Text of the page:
The fact is that the company withstood the Tory years, the economic mismanagement of the early 80sthen, later, of the early 90sgoing from strength to strength. It has a sister factory in Belgium where it is proposed to transfer these high-quality jobs. The work force are highly trained, highly skilled, highly thought of and highly productive. Many have been with the company since its opening in the early 1970s, when it was opened by the inventor of the process that provides the basis for Microtherm's thermal insulation.
Mr. Speaker: As the House knows, under Standing Order No. 24 I have to announce my decision without giving my reasons to the House. I listened carefully to what the hon. Gentleman said. As he knows, I must decide whether his application comes under Standing Order No. 24, and if so, whether a debate on this matter should be given priority over the business already arranged for this evening or tomorrow. In this case, the matter raised does not meet the requirements of the Standing Order. I therefore regret that I am not able to submit the hon. Gentleman's application to the House.
That leave be given to bring in a Bill to amend the law so as to require traffic authorities to cause traffic signs to be placed near roads for the purpose of indicating the location of historic county boundaries; to require the Ordnance Survey of Great Britain and Northern Ireland to mark the boundaries of the historic counties on its maps; and for connected purposes.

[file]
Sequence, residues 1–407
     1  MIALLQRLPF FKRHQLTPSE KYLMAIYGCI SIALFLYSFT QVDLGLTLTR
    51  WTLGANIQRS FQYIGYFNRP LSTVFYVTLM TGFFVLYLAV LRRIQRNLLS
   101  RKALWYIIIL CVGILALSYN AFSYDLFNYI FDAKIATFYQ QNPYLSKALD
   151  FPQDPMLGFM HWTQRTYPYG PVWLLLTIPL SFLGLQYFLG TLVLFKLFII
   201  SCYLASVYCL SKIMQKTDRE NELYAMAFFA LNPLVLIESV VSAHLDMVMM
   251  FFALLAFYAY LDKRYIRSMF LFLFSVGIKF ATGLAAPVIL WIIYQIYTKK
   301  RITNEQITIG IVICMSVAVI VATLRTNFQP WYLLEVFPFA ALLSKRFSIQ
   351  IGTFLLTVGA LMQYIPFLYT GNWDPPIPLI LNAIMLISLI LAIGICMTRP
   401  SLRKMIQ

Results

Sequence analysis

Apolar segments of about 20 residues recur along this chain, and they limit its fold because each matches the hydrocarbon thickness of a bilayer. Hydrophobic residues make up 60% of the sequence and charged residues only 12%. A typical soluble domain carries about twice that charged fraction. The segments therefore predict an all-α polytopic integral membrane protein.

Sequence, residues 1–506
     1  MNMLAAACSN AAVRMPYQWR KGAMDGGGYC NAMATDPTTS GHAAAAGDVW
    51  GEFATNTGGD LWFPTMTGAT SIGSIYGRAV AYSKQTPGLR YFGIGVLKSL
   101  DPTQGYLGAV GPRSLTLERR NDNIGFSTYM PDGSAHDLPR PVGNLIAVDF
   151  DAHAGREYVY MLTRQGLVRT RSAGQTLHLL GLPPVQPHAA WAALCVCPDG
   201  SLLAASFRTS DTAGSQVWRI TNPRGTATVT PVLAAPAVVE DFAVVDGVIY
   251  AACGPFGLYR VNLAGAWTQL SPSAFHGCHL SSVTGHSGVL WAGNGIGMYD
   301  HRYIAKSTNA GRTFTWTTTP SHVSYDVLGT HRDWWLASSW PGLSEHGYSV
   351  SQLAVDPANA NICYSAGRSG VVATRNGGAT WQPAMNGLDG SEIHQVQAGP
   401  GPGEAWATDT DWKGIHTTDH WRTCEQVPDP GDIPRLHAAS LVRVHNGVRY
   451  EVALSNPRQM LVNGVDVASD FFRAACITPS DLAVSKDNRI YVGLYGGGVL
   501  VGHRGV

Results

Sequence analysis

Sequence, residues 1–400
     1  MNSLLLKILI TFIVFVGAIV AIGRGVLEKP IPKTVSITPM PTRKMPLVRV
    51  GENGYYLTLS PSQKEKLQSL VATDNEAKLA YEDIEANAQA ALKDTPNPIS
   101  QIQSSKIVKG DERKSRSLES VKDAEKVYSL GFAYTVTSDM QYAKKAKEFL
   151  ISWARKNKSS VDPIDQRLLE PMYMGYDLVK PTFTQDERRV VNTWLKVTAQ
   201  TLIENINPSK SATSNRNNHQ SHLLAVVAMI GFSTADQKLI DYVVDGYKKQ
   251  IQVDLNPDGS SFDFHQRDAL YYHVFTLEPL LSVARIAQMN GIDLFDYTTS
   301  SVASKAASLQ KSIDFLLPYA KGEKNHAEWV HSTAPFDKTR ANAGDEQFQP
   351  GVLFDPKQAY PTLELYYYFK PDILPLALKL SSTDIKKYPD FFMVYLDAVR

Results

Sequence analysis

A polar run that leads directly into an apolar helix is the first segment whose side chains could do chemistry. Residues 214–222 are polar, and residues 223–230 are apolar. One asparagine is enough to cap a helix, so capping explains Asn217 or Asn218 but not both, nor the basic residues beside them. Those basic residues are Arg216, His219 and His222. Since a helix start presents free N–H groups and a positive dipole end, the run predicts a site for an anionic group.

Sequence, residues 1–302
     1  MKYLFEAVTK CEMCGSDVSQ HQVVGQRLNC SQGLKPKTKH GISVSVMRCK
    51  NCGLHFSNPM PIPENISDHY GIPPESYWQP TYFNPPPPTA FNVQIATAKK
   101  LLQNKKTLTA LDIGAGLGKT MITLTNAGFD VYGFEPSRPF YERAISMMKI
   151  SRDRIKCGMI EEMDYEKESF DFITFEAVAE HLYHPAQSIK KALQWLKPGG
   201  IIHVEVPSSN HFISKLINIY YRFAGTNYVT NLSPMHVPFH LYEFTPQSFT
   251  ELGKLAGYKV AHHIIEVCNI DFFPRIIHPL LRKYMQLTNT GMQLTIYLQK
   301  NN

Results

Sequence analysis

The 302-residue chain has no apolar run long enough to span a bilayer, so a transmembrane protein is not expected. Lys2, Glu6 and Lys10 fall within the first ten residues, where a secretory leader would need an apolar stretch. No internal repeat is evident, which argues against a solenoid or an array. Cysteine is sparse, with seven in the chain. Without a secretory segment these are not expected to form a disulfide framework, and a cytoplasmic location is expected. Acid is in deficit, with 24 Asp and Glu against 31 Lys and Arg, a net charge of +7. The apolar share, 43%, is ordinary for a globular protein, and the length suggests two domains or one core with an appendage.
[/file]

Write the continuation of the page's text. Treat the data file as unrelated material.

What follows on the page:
I pay tribute to my hon. Friend the Member for Uxbridge (Mr. Randall) for his help following the presentation of a similar Bill last year that made a strong case for Middlesex to be recognised as an historic county. I also pay tribute to the Association of British Counties for trailblazing the campaign for our historic counties to be given, once again, the full recognition that they rightly deserve.
As an Englishman who is proud to have grown up in the county of Somerset, I strongly believe that recognising and celebrating our past is important. Too much of our past has been jettisoned by those seeking to ignore the lessons from history, but we do that at our peril. It is vital that we are able to look back and celebrate the past, so that we can fathom where we are and make better progress through the uncharted waters ahead of us.
The 39 historic counties of England are a vital part of our heritage and need to be nurtured rather than discouraged. Many people have a strong sense of identity with their own county. The 39 historic counties are older than our medieval churches and cathedrals and complement the beauty of our countryside. The counties form the bedrock of England's local history, with a wealth of historical documents based on the county system. Those documents include parish records and parish registers of baptisms, marriages and deaths, quarter sessions records, and manorial and taxation records.
The importance of the counties is much greater than just local government. Their names and areas are widely used in tourism, sport, business, record keeping, local and family history, and in literature and the arts. They are sources of identity and affection for many people. They are the basis for an unchanging, recognisable and stable geography. It is where many of us live, "come from" and "belong". We may no longer have a Somerset Light Infantry Regiment, as it was subsumed, many re-organisations ago, into the Light Infantry, but the association of former members continues to represent those who served their country by serving in their county regiment.
For us in Somerset, and no doubt for people elsewhere, especially in Middlesex, there is still a constant reminder of the historic county bordersthe county cricket club. It has done a sterling job in helping to keep alive the memory of the real county boundary. Somerset may have been broken up when the county of Avon came into being in 1974, but changing the boundaries of the administrative organisation has not deterred the county cricket club. It has continued to play its festival week in June at the Rec in Bath, and until recent years still played at Weston-super-Marestill in the historic county of Somerset.